All animal research was conducted in accordance with relevant in country protocols.
The species richness and environmental covariate data underlying this study are archived in the Dryad digital repository at http://dx.doi.org/10.5061/dryad.01sd0. Individual species data are archived by BirdLife International (www.seabirdtracking.org).
W.J.G. conceived the study, conducted the data analysis and drafted the manuscript; S.C.V. supervised the project; all authors provided data, contributed to article drafts, approved the final version of this manuscript and agree to be held accountable for the content.
The authors declare no competing interests.
Funding for this work was provided by the Peninsula Research Institute for Marine Renewable Energy, EU INTERREG project CHARM III, NERC (NE/G001014/1), MINECO CGL2013-42585-P, Defra's Darwin, Centre National de la Recherche Scientifique and Ligue Pour la Protection des Oiseaux within the EUINTERREG Project FAME (2009-1/089; 2010-2012).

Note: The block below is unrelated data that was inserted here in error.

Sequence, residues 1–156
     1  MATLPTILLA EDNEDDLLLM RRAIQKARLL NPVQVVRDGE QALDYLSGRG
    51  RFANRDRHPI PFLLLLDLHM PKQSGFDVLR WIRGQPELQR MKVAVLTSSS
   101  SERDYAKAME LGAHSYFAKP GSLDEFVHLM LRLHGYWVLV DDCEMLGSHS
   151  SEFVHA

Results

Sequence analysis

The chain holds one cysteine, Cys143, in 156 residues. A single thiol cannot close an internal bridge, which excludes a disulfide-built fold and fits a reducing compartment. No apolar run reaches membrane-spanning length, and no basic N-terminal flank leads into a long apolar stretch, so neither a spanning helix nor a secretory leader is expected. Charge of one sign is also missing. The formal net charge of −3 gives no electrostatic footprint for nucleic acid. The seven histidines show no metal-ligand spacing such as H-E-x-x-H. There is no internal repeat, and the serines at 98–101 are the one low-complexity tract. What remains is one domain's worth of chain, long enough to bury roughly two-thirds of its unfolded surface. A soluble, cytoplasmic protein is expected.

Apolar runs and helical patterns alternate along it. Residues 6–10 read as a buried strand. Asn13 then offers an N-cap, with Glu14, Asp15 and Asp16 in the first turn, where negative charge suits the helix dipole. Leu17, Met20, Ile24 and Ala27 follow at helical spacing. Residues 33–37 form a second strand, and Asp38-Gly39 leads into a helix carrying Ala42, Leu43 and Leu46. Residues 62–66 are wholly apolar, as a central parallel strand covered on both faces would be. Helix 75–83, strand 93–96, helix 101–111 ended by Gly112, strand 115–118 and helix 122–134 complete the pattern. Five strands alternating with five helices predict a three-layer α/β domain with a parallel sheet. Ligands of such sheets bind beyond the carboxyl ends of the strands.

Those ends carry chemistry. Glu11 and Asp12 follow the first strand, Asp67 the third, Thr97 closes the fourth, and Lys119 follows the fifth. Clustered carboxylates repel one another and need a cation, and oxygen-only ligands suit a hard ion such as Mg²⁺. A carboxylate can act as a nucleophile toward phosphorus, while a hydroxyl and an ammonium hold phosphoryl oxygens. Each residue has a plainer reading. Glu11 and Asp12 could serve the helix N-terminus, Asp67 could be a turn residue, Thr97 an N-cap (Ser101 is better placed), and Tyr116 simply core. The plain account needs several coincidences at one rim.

We thank all those who supported fieldwork logistics and granted permission for work. Four anonymous reviewers provided comments that greatly improved this manuscript.
- Received January 11, 2016.
- Accepted July 22, 2016.
- © 2016 The Authors.
Published by the Royal Society under the terms of the Creative Commons Attribution License http://creativecommons.org/licenses/by/4.0/, which permits unrestricted use, provided the original author and source are credited.